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The Man Who Died Twice by Richard Osman - Review

Wednesday, November 17, 2021

I read Richard Osman's first book and was quite disdainful towards it because it annoyed me in quite a few ways. You can read my review here. My mum wanted me to read it so I did. She has also read this second one so I decided I would read it. I do think that Richard's writing has improved between the first and second book, this one is better written and has a better story I think. However, it did still annoy me in parts. 

So we're back with the Thursday Murder Club, only a couple of weeks after the events of the first book. Ibrahim borrows Ron's car to go into Fairhaven and on his way back to the car three youths on bikes steal his phone and then beat him up, leaving him ill enough to be hospitalised. Ron, Elizabeth and Joyce are rightfully worried for their friend, and want to find out who did it. 

But also, Elizabeth is distracted because a letter has been put under her door purporting to be from someone that doesn't exist, a cover up that Elizabeth was involved in in her time in MI5. The letter turns out to be from her ex-husband Douglas, who is in a safe house on the complex that the Thursday Murder Club all live on. He is as charming as ever, but he is in trouble. He was involved in an MI5 break in to a house belonging to a notorious gangster, Martin Lomax, and some diamonds have hone missing in the break in. Douglas was identified by Lomax and threatened by him, hence the safe house. He is being looked after by a young woman called Poppy. He says he didn't steal the diamonds but Elizabeth doesn't believe him.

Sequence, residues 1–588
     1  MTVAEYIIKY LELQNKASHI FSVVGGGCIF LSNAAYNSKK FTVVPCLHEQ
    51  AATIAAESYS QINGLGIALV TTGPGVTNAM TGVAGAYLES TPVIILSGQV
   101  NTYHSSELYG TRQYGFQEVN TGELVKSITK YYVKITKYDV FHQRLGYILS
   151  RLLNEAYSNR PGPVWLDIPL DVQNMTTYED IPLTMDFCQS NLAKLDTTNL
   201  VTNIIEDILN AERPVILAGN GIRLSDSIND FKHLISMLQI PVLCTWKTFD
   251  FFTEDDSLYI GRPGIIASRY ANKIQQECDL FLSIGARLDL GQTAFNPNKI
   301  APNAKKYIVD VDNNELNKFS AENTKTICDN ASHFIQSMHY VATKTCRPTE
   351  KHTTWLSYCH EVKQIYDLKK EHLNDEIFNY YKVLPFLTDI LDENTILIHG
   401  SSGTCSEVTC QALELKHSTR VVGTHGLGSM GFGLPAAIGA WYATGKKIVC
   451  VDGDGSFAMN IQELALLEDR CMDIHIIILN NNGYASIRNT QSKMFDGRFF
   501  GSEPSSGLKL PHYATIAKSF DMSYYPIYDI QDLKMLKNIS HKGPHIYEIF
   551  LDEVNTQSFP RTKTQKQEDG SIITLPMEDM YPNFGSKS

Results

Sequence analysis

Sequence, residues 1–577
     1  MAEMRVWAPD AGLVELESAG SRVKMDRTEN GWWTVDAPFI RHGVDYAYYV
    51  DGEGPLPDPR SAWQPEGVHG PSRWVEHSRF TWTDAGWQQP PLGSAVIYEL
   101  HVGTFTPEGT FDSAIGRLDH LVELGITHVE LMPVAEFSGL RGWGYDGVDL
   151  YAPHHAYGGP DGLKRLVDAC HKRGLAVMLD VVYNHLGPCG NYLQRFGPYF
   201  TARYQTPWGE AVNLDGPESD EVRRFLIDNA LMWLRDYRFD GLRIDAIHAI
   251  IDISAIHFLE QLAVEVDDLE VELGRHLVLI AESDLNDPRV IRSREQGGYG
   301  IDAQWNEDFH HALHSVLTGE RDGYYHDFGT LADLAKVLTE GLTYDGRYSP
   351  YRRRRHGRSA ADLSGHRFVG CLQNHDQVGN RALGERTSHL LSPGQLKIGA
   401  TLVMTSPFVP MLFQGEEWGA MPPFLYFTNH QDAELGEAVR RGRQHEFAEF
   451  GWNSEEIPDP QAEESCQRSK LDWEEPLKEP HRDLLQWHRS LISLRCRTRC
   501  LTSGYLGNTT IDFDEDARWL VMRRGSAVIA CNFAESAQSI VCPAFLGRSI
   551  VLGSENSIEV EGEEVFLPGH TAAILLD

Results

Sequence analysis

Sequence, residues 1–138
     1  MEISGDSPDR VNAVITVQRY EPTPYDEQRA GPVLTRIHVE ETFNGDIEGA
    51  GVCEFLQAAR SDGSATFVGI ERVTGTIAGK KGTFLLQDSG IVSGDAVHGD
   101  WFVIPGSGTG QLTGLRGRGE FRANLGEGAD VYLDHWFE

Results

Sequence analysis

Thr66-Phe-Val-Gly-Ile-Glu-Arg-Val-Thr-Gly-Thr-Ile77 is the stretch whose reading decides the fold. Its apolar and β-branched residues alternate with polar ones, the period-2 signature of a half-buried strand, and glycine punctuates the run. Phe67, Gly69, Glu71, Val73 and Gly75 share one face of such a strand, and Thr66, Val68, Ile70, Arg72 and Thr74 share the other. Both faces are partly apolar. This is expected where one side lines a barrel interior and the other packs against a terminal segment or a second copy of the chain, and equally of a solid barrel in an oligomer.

But a man breaks in with the intent to kill Douglas, and Poppy ends up shooting him dead. Joyce gets a note from Poppy asking her to phone Poppy's mum, which Joyce duly does. MI5 officers Sue and Lance come to the complex to sort everything out. The Thursday Murder Club then end up involved in a murder mystery, gangland wars, trying to find out who attacked Ibrahim, as well as the usual stuff with their families and friends. 

I found the book compelling and wanted to keep reading it. The story did entertain me. I felt like the first half of the book was almost satirical in nature, and I'm not sure if that was the feel that Richard was going for or not, but I found it strange. The second half seemed to settle down, though. I liked how we got to know Elizabeth and Joyce a bit better. Ron and Ibrahim are in this book a little less; I felt like Ibrahim was almost a token character in the first book, but I liked him in this one. Chris, the detective, didn't annoy me as much in this book, and his romance with Donna (also a police officer)'s mum Patrice was very cute. 

I will read the next one. I also noticed that Richard used the verb 'agrees' a lot less here - in the first book there were nearly a hundred uses of the word, but in this one there were just 40, which made it seem much more normal and much less of a writer's tic. I'm giving this four out of five. 

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